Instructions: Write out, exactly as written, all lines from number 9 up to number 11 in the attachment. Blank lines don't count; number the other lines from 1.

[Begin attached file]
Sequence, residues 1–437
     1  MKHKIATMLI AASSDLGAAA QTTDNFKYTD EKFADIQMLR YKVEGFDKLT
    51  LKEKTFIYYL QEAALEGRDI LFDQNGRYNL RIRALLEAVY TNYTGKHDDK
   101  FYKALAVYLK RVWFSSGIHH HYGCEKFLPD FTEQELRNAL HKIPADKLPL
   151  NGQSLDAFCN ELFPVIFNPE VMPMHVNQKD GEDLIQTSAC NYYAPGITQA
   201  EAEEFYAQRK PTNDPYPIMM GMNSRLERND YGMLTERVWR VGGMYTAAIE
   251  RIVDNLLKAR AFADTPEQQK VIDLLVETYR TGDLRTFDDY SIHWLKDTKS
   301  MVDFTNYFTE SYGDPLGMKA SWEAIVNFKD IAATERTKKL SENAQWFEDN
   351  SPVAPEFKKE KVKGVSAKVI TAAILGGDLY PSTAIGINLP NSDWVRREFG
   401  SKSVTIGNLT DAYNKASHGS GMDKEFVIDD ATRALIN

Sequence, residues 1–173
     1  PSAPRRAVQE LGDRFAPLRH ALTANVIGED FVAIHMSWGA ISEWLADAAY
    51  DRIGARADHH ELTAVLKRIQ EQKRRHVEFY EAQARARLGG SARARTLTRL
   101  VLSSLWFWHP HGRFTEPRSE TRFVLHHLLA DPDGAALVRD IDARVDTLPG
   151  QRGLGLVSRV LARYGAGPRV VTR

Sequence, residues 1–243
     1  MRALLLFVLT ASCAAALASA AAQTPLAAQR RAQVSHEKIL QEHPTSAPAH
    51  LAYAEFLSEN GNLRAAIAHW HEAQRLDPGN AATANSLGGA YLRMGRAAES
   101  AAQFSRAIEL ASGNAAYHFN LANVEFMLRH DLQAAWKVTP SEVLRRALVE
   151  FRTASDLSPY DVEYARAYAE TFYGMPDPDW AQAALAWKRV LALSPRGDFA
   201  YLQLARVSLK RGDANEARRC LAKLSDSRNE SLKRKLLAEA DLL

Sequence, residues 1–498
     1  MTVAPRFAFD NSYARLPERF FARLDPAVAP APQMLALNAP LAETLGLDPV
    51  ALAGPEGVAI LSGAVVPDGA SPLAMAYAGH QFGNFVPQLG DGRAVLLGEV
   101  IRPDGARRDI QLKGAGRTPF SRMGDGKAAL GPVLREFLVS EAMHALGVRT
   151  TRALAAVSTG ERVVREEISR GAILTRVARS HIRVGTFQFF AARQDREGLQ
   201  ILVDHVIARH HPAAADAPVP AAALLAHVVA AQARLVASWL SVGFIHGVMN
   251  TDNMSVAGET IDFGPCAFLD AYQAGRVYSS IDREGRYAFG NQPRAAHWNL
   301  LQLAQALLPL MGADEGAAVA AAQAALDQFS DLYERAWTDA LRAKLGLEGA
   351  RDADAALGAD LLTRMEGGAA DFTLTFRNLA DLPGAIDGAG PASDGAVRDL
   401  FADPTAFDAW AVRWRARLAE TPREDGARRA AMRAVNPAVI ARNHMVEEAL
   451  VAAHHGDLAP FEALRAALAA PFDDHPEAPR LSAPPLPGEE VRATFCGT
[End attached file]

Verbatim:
   351  SPVAPEFKKE KVKGVSAKVI TAAILGGDLY PSTAIGINLP NSDWVRREFG
   401  SKSVTIGNLT DAYNKASHGS GMDKEFVIDD ATRALIN

Sequence, residues 1–173